Participants included representatives of the Environmental Protection Agency, National Parks Service, Army Corps of Engineers and FEMA, as well as a host of state agencies, including Emergency Management, Cultural and Natural Resources, Public Safety and the governor’s office.
NC State sent students and professors from the departments of architecture, landscape architecture, and agricultural and resource economics, and from North Carolina Sea Grant. They were joined by researchers from Louisiana State University, East Carolina University and the University of North Carolina at Chapel Hill.
Rolling Up Their Sleeves
“It was exhilarating,” Fox says. “Designers love to roll up their sleeves and just get to work. So it was great having the resources in the room to answer questions about technical issues like environmental policy and land use regulations.”
The workshop’s principal organizer, Gavin Smith, is director of the U.S. Department of Homeland Security’s Coastal Resilience Center of Excellence and a professor of city and regional planning at Carolina. Smith, whose family home in Houston was destroyed by Hurricane Ike in 2008, says he wanted more than just technical expertise on display at the workshop.
“It’s important to have technical experts, but I also wanted people who could empathize with the people in the community and involve them in the process,” he says. “I didn’t want us to come in and act like we had all the answers.”
In fact, every evening the planning group invited residents into the auditorium to review their ideas and plans and make suggestions. The following morning, the experts would go back to the drawing board, literally, to refine their plans based on the residents’ feedback.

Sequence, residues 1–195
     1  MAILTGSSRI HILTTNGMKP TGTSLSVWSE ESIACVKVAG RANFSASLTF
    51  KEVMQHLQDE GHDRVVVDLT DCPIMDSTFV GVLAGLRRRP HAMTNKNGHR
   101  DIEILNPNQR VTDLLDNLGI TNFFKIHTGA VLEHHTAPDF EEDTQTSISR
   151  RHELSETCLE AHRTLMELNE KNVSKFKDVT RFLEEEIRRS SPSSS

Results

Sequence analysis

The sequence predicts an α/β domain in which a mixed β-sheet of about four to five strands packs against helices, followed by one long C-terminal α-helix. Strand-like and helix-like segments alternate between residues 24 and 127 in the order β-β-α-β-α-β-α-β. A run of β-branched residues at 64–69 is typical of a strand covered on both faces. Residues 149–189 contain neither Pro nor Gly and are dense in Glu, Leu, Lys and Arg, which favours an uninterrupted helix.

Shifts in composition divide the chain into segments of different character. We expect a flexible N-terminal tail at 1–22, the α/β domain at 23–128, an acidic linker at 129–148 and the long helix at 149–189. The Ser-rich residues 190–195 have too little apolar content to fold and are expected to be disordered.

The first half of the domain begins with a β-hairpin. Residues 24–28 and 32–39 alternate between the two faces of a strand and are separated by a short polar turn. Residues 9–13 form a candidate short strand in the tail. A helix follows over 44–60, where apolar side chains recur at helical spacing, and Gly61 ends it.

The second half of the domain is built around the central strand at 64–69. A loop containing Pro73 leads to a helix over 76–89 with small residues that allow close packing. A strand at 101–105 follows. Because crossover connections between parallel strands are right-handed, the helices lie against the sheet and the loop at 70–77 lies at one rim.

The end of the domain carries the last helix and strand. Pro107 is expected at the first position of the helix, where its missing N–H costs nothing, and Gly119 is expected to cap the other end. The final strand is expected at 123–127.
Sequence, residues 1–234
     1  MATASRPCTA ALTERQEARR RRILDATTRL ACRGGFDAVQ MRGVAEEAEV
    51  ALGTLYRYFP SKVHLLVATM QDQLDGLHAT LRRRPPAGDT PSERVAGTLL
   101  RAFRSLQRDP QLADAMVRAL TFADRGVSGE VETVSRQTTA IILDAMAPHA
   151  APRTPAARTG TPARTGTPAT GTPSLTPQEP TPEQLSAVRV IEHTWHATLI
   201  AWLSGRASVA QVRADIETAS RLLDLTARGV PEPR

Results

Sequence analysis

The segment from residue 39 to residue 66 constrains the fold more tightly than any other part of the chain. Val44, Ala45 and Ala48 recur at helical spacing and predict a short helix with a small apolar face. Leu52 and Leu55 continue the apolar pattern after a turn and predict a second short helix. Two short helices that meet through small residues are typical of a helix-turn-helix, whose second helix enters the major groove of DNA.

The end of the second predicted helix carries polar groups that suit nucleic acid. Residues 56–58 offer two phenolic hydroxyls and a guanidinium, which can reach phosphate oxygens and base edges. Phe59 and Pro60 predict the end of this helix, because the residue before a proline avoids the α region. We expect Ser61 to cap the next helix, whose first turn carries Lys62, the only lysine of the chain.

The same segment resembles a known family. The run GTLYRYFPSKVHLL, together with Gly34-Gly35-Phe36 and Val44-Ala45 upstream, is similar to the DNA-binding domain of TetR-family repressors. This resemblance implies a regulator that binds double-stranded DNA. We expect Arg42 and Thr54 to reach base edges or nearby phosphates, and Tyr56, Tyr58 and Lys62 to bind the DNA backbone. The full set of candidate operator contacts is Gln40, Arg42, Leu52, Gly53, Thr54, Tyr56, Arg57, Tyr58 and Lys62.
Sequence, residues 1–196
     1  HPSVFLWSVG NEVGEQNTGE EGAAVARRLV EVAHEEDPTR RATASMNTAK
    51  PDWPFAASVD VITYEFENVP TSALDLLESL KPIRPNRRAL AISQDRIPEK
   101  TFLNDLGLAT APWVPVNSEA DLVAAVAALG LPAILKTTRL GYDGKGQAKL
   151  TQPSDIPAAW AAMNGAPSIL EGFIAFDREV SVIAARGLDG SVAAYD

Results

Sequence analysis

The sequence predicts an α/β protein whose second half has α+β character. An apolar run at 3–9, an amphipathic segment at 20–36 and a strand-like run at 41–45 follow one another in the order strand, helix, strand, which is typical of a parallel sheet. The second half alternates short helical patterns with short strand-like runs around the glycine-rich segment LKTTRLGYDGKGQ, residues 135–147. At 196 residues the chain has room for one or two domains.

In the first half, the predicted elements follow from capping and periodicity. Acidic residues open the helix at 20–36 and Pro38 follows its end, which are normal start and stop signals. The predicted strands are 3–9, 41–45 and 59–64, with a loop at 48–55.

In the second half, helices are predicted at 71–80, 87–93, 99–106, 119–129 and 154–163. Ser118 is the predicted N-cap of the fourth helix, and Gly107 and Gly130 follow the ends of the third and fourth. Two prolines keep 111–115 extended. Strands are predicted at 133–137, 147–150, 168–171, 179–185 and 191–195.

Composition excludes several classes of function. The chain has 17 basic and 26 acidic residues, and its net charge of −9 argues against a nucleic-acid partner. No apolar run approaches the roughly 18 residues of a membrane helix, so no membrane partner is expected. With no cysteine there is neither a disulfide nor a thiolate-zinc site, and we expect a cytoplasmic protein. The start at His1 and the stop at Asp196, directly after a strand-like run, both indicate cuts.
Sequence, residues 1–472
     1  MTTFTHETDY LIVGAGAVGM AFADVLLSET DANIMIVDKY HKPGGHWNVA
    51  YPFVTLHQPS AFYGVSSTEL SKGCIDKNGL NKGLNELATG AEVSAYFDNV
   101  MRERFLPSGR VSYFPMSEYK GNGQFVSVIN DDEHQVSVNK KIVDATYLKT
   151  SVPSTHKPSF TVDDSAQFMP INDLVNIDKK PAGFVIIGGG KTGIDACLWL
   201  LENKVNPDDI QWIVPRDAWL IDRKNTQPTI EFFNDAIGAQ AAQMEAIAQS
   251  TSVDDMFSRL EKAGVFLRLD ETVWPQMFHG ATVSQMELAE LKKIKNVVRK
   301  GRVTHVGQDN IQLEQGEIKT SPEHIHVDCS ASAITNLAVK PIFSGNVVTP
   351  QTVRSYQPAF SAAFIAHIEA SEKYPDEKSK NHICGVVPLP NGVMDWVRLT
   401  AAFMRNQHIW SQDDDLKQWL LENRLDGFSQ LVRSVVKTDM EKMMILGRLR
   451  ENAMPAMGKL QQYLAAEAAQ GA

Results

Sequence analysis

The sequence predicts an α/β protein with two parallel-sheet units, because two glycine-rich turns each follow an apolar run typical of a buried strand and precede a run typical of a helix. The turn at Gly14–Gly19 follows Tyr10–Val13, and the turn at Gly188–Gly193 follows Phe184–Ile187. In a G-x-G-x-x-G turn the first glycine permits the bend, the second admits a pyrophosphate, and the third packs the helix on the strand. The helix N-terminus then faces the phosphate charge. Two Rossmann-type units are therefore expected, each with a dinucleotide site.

Mayor Pro Tem Linda Joyner says she was surprised and delighted by the way the designers involved the community. “After the flood my continual prayer was, ‘God, send help. Send us people who genuinely have the same heart for Princeville that I have.’”
The workshop focused on three broad areas: relocating some residents, businesses and town services to a 52-acre parcel of land outside the floodplain that could be incorporated into the town boundaries; repurposing low-lying land near the river for cultural, historical and recreational uses; and rebuilding some structures in the floodplain to make them more resistant to flooding.
“Essentially, we’re trying to answer the question, ‘How do you take advantage of the opportunity to rebuild the community in a way that doesn’t perpetuate vulnerability but enhances resilience?’” Smith says.
Kofi Boone, a landscape architecture professor at NC State, sees opportunities to promote tourism by creating a historical trail linking Princeville with Shiloh Landing, a place on the Tar River where enslaved African-Americans were brought by steamboat from Richmond to be offered for sale to Edgecombe County plantation owners. Boone, who developed the pilot project for the African American Music Trails in rural Kinston, North Carolina, says cultural and historical trails often deliver an economic boost to small towns.
“It’s a proven way to allow local people to use what they have in hand — their stories and expert knowledge of a place — to create economic opportunities,” he says.
Joyner, the mayor pro tem, agrees that Princeville’s future is tied to respecting its past.
“Princeville has to stand,” she says, “because of the rich history that it lends to this world. So we need people that believe in us, that believe we can bounce back again, just as our ancestors did, again and again.”